Pakistan: U.S. Missile Strikes 'Helping the Terrorists'

U.S. missile attacks on suspected militants in Pakistan's northwest near Afghanistan are destabilizing the country and "helping the terrorists," the Muslim nation's Foreign Ministry said Friday.

The comments came as a homicide bomber attacked an anti-insurgent group in a northwest tribal area, killing at least 13 people and wounding more than 50. The Orakzai area tribesmen had gathered to plan the demolition of a militant base.

Al Qaeda and Taliban fighters have established bases throughout Pakistan's semi-autonomous tribal regions, where they are said to plan attacks on U.S. and NATO forces in Afghanistan as well violence in Pakistan.

Washington has pushed Pakistan to eliminate such insurgent sanctuaries.

Pakistan has carried out military offensives against insurgents while also trying to woo various tribes to turn against the extremists. Some pro-government tribes have set up militias to fight insurgents.

But in a sign of U.S. impatience with Pakistani efforts, American forces have stepped up their own crossborder assaults on alleged militant targets.

The U.S. is suspected in at least 11 missile strikes on the Pakistan side of the Afghan border since Aug. 23, killing more than 100 people, most of them alleged militants, according to an Associated Press count based on figures provided by Pakistan intelligence officials.

The United States rarely confirms or denies the attacks, which Pakistan's military and civilian leaders have criticized as violations of the country's sovereignty.

"We want them (the United States) to realize that these attacks are destabilizing the situation, and they are not helping them or Pakistan," Pakistan foreign ministry spokesman Mohammed Sadiq told The AP. "They are helping the terrorists."

The strikes are unpopular among many Pakistanis and used by critics and Muslim conservatives to rally support in their campaign to unseat the country's broadly secular, pro-U.S. government.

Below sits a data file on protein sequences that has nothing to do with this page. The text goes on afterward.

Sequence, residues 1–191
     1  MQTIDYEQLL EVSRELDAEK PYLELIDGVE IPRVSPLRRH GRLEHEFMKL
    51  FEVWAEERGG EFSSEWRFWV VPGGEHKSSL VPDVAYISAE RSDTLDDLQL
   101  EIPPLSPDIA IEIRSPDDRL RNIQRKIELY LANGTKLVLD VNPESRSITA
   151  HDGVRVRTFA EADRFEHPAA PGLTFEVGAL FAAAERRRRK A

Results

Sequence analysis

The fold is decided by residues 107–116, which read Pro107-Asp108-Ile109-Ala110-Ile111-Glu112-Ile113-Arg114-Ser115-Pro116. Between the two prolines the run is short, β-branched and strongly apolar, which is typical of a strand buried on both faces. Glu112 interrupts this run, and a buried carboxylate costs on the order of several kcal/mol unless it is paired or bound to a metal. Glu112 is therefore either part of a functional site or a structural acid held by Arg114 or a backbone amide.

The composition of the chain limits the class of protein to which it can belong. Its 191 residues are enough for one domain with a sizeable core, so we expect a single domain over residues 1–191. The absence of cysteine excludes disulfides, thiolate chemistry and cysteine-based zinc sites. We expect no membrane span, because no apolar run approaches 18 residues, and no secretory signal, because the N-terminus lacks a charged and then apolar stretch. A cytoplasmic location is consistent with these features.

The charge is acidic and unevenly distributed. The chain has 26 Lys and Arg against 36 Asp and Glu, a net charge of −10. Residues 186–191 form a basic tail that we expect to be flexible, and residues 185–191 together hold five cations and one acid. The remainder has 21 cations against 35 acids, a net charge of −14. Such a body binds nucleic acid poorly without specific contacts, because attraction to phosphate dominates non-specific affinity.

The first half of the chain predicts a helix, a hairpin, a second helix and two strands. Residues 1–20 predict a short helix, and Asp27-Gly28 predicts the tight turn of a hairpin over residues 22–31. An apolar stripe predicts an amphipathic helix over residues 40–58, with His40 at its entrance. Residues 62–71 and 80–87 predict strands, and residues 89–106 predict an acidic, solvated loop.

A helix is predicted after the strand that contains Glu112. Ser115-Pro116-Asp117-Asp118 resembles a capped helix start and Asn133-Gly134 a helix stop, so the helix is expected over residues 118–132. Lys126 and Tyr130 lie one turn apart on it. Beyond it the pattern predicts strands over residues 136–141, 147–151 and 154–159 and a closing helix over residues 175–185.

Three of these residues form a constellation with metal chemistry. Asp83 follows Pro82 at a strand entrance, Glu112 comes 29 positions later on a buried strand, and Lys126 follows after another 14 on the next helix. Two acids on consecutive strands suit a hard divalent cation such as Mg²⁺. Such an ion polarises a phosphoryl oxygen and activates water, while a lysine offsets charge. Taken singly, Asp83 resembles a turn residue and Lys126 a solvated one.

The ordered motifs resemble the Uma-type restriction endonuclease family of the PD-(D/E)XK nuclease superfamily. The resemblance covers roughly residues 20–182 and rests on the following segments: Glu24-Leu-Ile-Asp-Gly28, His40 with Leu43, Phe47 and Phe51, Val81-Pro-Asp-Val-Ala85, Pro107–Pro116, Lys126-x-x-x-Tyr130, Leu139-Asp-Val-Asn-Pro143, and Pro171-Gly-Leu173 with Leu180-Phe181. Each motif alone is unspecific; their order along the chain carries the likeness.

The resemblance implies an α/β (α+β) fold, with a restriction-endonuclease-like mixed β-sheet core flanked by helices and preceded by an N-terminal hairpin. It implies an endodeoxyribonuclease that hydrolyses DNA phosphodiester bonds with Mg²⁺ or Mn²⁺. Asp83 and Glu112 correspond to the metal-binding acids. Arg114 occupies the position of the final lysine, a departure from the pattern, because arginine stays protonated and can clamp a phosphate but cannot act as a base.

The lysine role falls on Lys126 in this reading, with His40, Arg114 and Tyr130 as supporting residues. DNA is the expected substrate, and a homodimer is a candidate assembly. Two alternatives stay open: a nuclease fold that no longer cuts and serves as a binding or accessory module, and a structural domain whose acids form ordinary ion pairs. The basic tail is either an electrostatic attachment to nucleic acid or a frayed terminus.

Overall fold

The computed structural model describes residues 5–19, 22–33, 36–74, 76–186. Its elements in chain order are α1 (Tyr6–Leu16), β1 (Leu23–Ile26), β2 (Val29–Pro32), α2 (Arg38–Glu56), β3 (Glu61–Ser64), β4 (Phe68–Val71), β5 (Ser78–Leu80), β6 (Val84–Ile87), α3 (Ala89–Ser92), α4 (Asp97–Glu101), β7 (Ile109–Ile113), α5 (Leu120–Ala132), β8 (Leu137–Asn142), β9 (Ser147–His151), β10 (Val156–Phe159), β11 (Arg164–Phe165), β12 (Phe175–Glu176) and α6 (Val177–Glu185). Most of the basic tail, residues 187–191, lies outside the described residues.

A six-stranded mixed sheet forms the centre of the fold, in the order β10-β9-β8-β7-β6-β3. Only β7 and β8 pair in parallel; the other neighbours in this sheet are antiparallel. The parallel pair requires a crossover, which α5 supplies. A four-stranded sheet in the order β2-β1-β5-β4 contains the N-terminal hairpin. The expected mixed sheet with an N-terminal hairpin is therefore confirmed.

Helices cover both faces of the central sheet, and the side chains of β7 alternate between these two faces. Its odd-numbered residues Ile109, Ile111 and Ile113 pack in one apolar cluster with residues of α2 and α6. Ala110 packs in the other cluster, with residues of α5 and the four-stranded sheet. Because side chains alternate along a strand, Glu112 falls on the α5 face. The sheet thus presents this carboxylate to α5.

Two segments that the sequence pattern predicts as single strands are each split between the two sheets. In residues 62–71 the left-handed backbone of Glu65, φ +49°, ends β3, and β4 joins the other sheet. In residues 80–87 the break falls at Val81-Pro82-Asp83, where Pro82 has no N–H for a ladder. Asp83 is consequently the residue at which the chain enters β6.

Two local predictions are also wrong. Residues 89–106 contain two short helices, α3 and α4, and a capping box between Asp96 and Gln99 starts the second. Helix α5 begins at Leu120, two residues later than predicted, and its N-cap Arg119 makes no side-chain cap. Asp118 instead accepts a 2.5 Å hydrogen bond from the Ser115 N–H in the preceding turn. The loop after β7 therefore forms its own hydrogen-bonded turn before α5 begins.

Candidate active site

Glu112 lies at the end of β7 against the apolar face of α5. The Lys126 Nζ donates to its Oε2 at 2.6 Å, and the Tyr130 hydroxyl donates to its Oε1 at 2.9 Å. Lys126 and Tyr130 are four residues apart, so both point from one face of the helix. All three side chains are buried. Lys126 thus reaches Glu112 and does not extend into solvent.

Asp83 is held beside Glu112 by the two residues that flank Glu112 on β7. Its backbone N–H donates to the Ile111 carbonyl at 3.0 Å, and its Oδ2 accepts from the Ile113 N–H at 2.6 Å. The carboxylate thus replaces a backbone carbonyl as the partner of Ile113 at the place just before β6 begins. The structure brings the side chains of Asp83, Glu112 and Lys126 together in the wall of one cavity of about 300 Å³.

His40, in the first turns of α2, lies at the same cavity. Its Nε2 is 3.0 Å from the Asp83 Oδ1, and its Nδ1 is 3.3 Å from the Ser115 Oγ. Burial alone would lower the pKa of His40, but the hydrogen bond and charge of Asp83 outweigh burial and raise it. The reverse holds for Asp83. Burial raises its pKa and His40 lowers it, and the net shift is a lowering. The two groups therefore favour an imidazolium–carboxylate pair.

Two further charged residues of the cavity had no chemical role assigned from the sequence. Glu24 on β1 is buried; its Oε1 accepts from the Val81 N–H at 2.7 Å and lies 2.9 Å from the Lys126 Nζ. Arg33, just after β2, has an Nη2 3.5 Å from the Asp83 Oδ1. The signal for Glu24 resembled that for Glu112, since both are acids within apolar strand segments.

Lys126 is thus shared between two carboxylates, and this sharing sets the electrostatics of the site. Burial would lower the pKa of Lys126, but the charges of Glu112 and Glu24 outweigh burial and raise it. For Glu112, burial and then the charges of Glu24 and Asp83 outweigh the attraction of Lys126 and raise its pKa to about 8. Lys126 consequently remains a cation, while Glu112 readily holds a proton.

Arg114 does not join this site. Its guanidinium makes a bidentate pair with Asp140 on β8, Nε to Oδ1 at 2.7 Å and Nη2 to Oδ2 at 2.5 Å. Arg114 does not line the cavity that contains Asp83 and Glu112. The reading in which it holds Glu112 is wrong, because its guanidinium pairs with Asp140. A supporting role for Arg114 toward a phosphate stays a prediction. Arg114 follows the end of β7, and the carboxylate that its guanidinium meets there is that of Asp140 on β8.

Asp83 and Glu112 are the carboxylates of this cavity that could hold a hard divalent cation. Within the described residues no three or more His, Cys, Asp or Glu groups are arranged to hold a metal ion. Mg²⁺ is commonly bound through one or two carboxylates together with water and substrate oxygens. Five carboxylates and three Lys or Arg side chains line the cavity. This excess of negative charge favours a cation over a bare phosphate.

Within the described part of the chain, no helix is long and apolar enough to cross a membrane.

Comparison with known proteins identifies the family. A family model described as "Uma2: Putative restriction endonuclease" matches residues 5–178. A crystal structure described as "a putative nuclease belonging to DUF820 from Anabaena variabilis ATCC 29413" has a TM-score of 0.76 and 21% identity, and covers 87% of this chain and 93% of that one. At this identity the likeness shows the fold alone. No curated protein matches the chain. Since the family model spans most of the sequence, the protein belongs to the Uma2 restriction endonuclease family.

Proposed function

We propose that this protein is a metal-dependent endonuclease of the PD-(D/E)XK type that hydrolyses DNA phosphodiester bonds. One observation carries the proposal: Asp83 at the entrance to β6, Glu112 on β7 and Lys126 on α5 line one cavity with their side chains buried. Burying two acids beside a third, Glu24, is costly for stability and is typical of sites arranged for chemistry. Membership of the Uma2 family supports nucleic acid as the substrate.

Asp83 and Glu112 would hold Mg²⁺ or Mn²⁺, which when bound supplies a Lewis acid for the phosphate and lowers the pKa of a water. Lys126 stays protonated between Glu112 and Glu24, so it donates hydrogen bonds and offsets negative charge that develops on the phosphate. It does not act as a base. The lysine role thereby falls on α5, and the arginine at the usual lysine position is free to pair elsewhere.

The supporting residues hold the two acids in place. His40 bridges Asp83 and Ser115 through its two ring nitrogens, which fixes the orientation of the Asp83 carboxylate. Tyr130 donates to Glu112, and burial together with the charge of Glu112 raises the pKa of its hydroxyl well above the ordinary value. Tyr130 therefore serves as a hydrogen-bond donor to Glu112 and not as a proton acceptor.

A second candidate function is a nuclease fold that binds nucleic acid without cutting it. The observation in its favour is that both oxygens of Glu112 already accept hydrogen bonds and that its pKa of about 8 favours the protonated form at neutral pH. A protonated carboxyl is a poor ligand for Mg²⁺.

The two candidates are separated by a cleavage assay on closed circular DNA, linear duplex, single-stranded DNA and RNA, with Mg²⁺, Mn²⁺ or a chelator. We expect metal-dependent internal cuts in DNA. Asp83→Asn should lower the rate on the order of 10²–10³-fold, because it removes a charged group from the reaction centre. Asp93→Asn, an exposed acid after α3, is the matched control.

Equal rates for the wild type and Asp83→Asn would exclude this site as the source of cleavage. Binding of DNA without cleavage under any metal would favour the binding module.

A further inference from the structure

The most recent alleged U.S. attack took place late Thursday in North Waziristan and killed at least nine people, between six and eight of them suspected foreign militants, intelligence officials said. They said they were trying to establish the identities of the victims.

The tribal regions also are considered potential hiding places for Al Qaeda leader Usama bin Laden, his deputy Ayman al-Zawahri and other non-Pakistani militants.

Friday's homicide attack occurred in Orakzai, a tribal region near the main northwest city of Peshawar that has been relatively peaceful.

Some 500 people of the Alizai tribe, which has set up a militia to fight insurgents, were gathered when the attacker struck. The tribesmen intended to destroy a major militant base, said Sher Akbar Khan, a government official.

"Initial reports suggest that the homicide bomber rammed an explosive-laden vehicle into the gathering," Khan said, adding that the death toll could rise.

Also Friday, government official Jamil Ahmad accused militants of beheading four pro-government tribal elders Thursday in Bajur tribal region, the scene of the some of the heaviest fighting between Pakistani troops and insurgents.